The sage is not alone in those temples. In a hall behind the principal one occupied by himself are the tablets-in some cases, the images--of several of his ancestors, and other worthies; while associated with himself are his principal disciples, and many who in subsequent times have signalized themselves as expounders and exemplifiers of his doctrines. On the first day of every month, offerings of fruits and vegetables are set forth, and on the fifteenth there is a solemn burning of incense. But twice a year, in the middle months of spring and autumn, when the first “ of the month comes round, the worship of Confucius is performed with peculiar solemnity. At the imperial college the emperor himself is required to attend in state, and is in fact the principal performer. After all the preliminary arrangements have been made, and the emperor has twice knelt and six times bowed his head to the earth, the presence of Confucius' spirit is invoked in the words, " Great art thou, O perfect sage! Thy virtue is full; thy doctrine is complete. Among mortal men there has not been thine equal. All kings


honour thee. Thy statutes and laws have come gloriously down. Thou art the pattern in this imperial school. Reverently have the sacrificial vessels been set out. Full of awe, we sound our drums and bells."

The spirit is supposed now to be present, and the service proceeds through various offerings, when the first of which has been set forth, an officer reads the following, which is the prayer on the occasion : “On this....month of this.... year, I, A.B., the emperor, offer a sacrifice to the philosopher K‘ung, the ancient Teacher, the perfect Sage, and say, 10 Teacher, in virtue equal to Heaven and Earth, whose doctrines embrace the past time and the present, thou didst digest and transmit the six classics, and didst hand down lessons for all generations ! Now in this second month of spring (or autumn), in reverent observance of the old statutes, with victims, silks, spirits, and fruits, I carefully offer sacrifice to thee. With thee are associated the philosopher Yen, continuator of thee; the philosopher Tsăng, exhibiter of thy fundamental principles; the philosopher Tsze-sze, transmitter of thee; and the philosopher Măng, second to thee. ' May'st thou enjoy the offerings !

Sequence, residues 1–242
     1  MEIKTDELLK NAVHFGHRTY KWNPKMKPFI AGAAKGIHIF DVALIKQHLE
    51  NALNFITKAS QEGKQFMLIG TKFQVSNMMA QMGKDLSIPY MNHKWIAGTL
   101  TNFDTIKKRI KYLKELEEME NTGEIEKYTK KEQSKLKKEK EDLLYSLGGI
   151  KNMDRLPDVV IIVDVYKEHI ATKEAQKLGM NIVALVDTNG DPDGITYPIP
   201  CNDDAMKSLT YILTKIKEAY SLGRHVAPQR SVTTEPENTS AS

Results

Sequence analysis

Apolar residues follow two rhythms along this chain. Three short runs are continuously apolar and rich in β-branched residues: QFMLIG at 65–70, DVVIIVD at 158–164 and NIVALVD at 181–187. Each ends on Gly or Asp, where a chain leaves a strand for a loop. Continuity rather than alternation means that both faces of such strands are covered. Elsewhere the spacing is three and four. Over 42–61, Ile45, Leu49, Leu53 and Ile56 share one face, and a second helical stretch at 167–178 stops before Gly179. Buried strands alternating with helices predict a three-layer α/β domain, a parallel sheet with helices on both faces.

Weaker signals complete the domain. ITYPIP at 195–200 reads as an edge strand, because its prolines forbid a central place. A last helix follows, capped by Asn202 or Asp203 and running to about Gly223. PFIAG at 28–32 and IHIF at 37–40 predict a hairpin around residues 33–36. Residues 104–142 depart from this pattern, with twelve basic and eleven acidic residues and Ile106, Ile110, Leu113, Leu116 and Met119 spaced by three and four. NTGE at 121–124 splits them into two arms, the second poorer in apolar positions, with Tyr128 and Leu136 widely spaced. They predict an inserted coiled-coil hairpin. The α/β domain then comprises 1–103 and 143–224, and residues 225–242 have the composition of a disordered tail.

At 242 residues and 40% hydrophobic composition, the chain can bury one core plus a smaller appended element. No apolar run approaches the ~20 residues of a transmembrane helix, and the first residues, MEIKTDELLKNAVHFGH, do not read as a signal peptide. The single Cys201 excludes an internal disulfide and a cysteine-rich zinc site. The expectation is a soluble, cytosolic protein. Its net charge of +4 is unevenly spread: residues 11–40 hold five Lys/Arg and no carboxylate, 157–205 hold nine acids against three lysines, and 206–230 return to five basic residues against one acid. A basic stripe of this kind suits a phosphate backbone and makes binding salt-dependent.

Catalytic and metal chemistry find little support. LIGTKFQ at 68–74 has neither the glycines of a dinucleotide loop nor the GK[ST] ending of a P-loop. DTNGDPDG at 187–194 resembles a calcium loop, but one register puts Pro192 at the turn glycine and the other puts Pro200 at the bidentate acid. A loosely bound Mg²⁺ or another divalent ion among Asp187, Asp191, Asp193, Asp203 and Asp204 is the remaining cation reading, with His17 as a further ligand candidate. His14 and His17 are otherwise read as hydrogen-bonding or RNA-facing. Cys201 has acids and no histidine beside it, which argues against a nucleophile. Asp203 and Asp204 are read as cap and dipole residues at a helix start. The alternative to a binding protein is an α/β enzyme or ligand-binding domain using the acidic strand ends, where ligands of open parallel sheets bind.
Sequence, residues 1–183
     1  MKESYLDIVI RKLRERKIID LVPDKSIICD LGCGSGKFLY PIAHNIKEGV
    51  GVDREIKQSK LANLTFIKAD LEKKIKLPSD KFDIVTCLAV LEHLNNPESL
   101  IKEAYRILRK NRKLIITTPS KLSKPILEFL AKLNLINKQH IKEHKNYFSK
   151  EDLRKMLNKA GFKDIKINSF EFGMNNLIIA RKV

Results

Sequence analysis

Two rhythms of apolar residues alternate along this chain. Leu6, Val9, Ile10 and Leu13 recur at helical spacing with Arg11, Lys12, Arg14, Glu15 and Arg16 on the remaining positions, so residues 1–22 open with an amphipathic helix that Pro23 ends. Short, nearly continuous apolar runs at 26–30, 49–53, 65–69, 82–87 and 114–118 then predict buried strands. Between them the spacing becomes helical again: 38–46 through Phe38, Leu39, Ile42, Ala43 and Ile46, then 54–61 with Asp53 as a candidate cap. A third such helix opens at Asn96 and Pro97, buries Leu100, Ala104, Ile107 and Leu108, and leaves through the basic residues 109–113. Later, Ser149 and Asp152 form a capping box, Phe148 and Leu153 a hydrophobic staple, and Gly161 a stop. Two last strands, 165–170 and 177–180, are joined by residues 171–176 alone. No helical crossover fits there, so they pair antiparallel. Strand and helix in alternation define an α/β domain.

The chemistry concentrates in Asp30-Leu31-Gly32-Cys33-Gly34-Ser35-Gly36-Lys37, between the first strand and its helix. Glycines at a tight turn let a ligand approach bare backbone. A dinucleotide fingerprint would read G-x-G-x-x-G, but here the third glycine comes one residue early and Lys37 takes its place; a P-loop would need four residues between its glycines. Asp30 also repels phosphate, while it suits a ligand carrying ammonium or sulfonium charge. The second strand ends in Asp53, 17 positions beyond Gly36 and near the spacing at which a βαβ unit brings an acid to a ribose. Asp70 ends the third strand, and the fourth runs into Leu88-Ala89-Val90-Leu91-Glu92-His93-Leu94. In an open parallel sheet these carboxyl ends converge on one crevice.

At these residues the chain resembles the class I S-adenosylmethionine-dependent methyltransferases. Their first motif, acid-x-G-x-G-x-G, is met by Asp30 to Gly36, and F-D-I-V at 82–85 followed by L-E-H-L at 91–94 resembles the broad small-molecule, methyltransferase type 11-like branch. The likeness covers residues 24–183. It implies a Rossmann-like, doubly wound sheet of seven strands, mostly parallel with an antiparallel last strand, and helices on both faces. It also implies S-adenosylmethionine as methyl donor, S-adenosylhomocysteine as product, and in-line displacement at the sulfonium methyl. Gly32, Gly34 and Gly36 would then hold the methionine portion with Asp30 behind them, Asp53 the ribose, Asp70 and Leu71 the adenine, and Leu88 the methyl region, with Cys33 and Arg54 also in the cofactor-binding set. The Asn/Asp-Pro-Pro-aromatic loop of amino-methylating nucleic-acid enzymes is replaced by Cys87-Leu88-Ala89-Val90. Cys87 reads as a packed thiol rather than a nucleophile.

I need not go on to enlarge on the homage which the emperors of China render to Confucius. It could not be more complete. It is worship and not mere homage. He was unreasonably neglected when alive. He is no reasonably venerated when dead. The estimation with which the rulers of China regard their sage leads them to sin against God, and this is a misfortune to the empire.

2. The rulers of China are not singular in this matter, but in entire sympathy with the mass of their people. It is the distinction of this empire that education has been highly prized in it from the earliest preciation of times. It was so before the era of Confucius, and we may be sure that the system met with his approbation. One of his remarkable sayings was "To lead an uninstructed people to war, is to throw them away."! When he pronounced this judgment, he was not thinking of military training, but of education in the duties of life and citizenship. A people so taught, he thought, would be morally fitted to fight for their government. Mencius,

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1 Ana. XIII, 30.